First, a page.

Mr. Vice President, Mr. Speaker, Mr. Chief Justice, Senator Cook, Mrs. Eisenhower, and my fellow citizens of this great and good country we share together:

When we met here four years ago, America was bleak in spirit, depressed by the prospect of seemingly endless war abroad and of destructive conflict at home.

As we meet here today, we stand on the threshold of a new era of peace in the world. [Read more…]

The Smoking Gun Tape

This is the transcript and recording of a meeting between President Nixon and his Chief of Staff, H.R. Haldeman, in the Oval Office on June 23, 1972.

The conversation took place from 10.04am to 11.39am. The recording subsequently became known as the Smoking Gun and led directly to Nixon’s resignation.

The release of the tape was ordered by the Supreme Court on July 24, 1974, in a case known as United States v. Nixon. The court’s decision was unanimous.

President Nixon released the tape on August 5. It was one of three conversations he had with Haldeman six days after the Watergate break-in. The tapes prove that he ordered a cover-up of the Watergate burglary. The Smoking Gun tape reveals that Nixon ordered the FBI to abandon its investigation of the break-in. [Read more…]

Nixon’s 1970 State Of The Union Address

This is the full text of President Richard Nixon’s 1970 State of the Union Address.

This was Nixon’s first State of the Union Address, delivered one year and two days after he took office.

  • Listen to Nixon’s speech (36m)
  • Watch Nixon’s speech (39m)

Nixon’s 1970 State of the Union Address to Congress.

Mr. Speaker, Mr. President, my colleagues in the Congress, our distinguished guests and my fellow Americans:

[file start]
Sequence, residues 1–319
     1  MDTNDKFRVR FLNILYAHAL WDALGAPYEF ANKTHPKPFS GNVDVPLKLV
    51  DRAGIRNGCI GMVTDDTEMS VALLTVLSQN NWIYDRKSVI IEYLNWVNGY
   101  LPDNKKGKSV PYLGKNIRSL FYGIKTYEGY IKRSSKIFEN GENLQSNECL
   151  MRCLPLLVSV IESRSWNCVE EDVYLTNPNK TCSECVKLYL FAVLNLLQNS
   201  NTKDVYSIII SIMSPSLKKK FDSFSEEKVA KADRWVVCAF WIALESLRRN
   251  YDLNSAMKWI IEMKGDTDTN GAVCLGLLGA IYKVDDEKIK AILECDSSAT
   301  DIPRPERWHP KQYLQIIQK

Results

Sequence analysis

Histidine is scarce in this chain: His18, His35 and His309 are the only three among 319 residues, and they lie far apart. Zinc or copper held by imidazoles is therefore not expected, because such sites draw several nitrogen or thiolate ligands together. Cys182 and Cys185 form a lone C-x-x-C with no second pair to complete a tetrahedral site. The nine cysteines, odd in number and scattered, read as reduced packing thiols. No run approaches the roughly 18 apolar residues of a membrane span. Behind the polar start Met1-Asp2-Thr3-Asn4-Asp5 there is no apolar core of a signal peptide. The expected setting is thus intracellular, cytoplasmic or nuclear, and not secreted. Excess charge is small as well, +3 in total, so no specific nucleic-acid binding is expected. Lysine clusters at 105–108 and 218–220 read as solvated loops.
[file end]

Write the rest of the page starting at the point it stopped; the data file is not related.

To address a joint session of the Congress in this great Chamber in which I was once privileged to serve is an honor for which I am deeply grateful.

The State of the Union Address is traditionally an occasion for a lengthy and detailed account by the President of what he has accomplished in the past, what he wants the Congress to do in the future, and, in an election year, to lay the basis for the political issues which might be decisive in the fall. [Read more…]

The Moon Landing: An Undelivered Nixon Speech

Apollo 11On July 20, 1969, Neil Armstrong and Edwin “Buzz” Aldrin became the first men to walk on the moon.

The following speech, revealed in 1999, was prepared by Nixon’s then speechwriter, William Safire, to be used in the event of a disaster that would maroon the astronauts on the moon.

The speech was sent to President Nixon’s Chief of Staff, H.R. Haldeman. [Read more…]

Nixon’s First Inaugural Address

Richard Milhous Nixon was sworn in as the 37th president of the United States at noon on January 20, 1969.

  • Listen to Nixon take the oath of office (2m)
  • Listen to Nixon’s Inaugural Address (18m)
  • Watch Nixon’s Inaugural Address (18m)

Text of President Nixon’s first inaugural address.

Richard NixonSenator Dirksen, Mr. Chief Justice, Mr. Vice President, President Johnson, Vice President Humphrey, my fellow Americans–and my fellow citizens of the world community:

I ask you to share with me today the majesty of this moment. In the orderly transfer of power, we celebrate the unity that keeps us free. [Read more…]

Nixon’s Election Night Victory Speech

Richard Nixon claimed victory in the 1968 presidential election on the evening of November 6.

  • Listen to Nixon’s victory speech (10m)
  • Watch Nixon’s speech (13m)